|Romance In Rome
© Copyright 2004 by Doug Thornton
Weary—I had finally made it. After two and a half months of traveling Europe, which included a short stop in Venice that left me dazed and cold from the worst snowfall they had seen in thirty years, or so the locals had told me. I had finally reached the storied city of Rome. I was full of expectations for this part of my trip, as I had heard so many great stories from people who had already traveled through Rome. It was just the sort of thing that would put me back in a mood of elated joy
As I stepped out of the train station the flood gates of activity opened. Rome is a conveyor belt of activity; I was just along for the ride. It’s very easy for something interesting to come your way. To my left, banging bells, honking horns, Italian profanities—transportation workers were on strike and much like the first sip of a fine Italian wine, they wanted everyone to taste the richness of their ideas. Vapors of fresh brick oven pizza serenaded me from the right with the lingering smell of fresh tomatoes and homemade bread wafting through the streets. A couple of streets up, I found my hostel, but because of the lack of fear and anxiety the people in Rome show, it was a struggle in itself. Whether they are in a hurry or just enjoying the beauty of the great city they do it a their own pace and embrace their situation. I had the good fortune of finding a hostel that gave out free breakfast and dinner. My money was desperately low and the less I spent on food, the more I got to spend on alcohol—at least that’s the way I looked at it.
After check in, I was whisked away to my room where I found two beautiful South American girls unpacking. They were voluptuous in every sense of the word, but when I entered what seemed to be a cheerful, upbeat room everything stopped. I received a steely-eyed look from one of the girls. She erupted in a fury of Spanish that sounded like the rumbling of a great storm, which to a certain extent was the case. I didn’t understand Spanish that well, but I’m almost sure there were some harsh words in her blatant pleas that don’t have definitions in the dictionary. It turns out she was mad because I would be staying in her dorm and when she realized this hostel didn’t separate boys and girls her face turned red with an annoyed look of anger. What a shame! As the door closed behind me an eerie silence fell over the room. I felt awkward and out of place with just the three of us in the room, but hey, that’s what traveling is all about. I glanced at the other girl; she smiled at me as if to say “sorry.” I took it as a peace offering and stripped down to my boxers and went off to take a shower (the best remedy for a long train ride hangover.)
I was received well at dinner and served noodles and ketchup sauce—it didn’t have the taste a traditional Italian meal would have, like the chunks of tomatoes swimming in a fine vinaigrette dressing topped of with the aromatic smell of spicy meatballs and a nice chunk of bread, but either way it sure tasted good on an empty stomach. At the table I met a man from America. He politely said hello to me and from there he told me about how he had just got to Rome and what a desperate relief it was to have a free dinner for a change. The further into the conversation we got the more intrigued I became by this man. He seemed desperately in search of something. Then he told me of a plan he had to hitchhike to Greece. “Just think of it he said, nothing but me and the open road. It may take me years to reach Greece.” This man had no real plans, all he wanted to do was experience life. I felt liberated after the conversation, so after dinner I went to a nearby park. Rome reminded me much of New York City (move, move, move), but sitting in the park I realized the importance of their movement. Rome, the eternal city, was based on movement; it is instilled in the body, mind and soul of all the people of Rome. I first realized this when I was making my way to the hostel earlier. It was the empire of a great nation, a world where people moved with authority and self-confidence. My walk back to the hostel was enamored with respect and love for the city itself. I was somewhere, the center of the world perhaps!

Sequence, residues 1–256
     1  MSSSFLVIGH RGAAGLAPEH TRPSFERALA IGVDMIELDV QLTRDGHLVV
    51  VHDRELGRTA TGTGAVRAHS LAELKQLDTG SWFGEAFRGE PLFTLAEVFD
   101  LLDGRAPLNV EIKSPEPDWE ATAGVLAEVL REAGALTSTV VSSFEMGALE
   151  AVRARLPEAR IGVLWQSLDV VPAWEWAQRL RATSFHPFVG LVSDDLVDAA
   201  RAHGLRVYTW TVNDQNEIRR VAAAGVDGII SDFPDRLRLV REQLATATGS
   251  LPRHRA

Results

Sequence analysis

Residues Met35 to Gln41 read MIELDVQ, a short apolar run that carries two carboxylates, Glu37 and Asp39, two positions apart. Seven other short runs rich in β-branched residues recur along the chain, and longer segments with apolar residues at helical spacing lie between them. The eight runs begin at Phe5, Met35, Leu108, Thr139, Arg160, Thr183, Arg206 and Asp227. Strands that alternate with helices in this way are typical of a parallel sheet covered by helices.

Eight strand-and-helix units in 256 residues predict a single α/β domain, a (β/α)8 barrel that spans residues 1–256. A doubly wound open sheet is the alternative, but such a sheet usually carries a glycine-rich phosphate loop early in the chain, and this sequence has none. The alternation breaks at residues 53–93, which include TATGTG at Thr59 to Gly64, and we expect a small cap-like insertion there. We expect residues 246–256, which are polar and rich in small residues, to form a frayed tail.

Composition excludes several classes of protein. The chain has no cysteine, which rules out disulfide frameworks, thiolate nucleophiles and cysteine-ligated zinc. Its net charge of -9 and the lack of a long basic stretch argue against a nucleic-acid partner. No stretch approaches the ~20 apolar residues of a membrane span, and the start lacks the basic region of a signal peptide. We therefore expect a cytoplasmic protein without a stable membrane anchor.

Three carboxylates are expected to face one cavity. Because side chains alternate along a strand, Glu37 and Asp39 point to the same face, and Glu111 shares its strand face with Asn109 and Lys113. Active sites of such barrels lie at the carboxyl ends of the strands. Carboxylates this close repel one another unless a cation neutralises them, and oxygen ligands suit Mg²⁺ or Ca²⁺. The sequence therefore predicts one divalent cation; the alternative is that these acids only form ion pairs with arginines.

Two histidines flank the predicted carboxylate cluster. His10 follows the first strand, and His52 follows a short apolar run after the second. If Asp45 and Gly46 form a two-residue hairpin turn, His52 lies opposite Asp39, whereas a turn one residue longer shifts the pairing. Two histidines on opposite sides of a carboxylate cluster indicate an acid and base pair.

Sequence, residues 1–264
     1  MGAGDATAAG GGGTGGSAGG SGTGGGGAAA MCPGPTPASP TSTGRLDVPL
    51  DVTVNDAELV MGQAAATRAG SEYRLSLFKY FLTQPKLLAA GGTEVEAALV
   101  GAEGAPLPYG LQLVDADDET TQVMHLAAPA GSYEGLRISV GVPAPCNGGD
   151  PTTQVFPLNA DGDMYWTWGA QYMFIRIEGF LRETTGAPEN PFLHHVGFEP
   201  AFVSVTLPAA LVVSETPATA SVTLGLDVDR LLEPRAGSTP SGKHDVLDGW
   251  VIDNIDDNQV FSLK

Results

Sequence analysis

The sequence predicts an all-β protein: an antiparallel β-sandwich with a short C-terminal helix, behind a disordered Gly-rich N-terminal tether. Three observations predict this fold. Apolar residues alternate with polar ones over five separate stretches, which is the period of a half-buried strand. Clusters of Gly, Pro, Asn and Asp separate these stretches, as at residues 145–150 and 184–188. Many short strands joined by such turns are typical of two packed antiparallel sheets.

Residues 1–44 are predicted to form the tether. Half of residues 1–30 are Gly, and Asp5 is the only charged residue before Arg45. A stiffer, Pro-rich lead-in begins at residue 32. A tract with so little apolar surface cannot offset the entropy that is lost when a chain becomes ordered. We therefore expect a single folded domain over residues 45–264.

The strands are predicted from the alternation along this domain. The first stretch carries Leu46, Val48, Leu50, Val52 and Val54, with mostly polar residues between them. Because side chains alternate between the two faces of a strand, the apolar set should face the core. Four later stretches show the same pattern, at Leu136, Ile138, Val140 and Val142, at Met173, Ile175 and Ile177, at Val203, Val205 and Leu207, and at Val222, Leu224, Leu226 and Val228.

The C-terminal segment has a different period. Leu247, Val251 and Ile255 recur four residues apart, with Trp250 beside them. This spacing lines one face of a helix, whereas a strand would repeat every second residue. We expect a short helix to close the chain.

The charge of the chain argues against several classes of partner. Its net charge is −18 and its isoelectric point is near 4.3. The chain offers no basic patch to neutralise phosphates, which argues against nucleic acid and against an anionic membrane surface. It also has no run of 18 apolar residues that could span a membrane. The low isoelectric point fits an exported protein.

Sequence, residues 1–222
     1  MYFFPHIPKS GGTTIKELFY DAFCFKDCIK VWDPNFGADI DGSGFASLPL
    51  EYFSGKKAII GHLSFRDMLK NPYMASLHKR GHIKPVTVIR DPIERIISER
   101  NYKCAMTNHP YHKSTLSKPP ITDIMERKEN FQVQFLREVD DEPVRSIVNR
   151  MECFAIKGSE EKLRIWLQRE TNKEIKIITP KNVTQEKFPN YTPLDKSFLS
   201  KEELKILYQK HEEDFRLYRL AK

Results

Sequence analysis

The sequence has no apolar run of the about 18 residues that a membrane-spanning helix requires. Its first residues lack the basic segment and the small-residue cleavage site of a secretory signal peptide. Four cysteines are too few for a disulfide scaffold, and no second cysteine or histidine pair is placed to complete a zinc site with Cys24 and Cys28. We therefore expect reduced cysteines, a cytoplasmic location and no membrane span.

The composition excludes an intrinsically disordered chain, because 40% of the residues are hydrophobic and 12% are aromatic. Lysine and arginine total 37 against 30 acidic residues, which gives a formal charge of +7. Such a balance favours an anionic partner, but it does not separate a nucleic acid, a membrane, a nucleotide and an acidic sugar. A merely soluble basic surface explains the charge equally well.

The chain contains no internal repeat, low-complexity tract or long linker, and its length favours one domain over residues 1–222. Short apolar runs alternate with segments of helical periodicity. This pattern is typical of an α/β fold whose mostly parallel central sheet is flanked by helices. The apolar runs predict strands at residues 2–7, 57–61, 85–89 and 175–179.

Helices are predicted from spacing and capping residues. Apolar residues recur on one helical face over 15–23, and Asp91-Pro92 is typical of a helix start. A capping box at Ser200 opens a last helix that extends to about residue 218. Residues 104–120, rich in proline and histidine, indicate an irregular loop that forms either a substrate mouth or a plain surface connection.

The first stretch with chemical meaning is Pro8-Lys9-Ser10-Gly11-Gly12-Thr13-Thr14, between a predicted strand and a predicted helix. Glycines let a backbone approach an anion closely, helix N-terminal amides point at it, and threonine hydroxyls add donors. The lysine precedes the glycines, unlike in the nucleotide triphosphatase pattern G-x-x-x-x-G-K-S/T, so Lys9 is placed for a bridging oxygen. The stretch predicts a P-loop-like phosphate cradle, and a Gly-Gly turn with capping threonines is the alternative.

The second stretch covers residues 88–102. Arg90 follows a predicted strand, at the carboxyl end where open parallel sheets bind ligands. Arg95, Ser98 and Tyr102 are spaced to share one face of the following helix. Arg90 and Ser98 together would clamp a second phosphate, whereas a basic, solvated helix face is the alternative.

My head popped in the common area of the hostel—no one. It seemed like a good time to read a book. Not three words into it I look up and see a divinely beautiful Mexican girl making eyes at me. Her eyes shaded dark by her jet black hair provided a mystic appeal about her. The smile on her face opened up the heavens above and I pondered my existence in such a great work of art. Her shirt slid delicately off her shoulder to reveal her sun-kissed skin, which put me in a flirtatious mood, but just as I was about to motion her to come over, she got up and left. What luck! So I start reading my book again—three more words and I noticed she appeared again. At this point, I believed my book was holding some sort of magical power that was bringing her to me. This time she did not leave, I noticed, but I had no time to react, her hypnotic eyes were already focused on me and she was headed straight for me. She bent down and kissed my cheek—I wasn’t use to that sort of greeting. It was as if I was a peasant and the queen had just granted me permission to be in her presence. It was a spark of life to me.
“My name is Mali.” Her Spanish accent flirted with the English words to give her voice a lusty sexual feel. As we talked her eyes never left mine and our hands remained close. We stayed up for hours talking—books, places we’ve seen, what brought us here, there was never a lull. By nights end we made plans to tour all of Rome, of course, not before our free breakfast in the morning.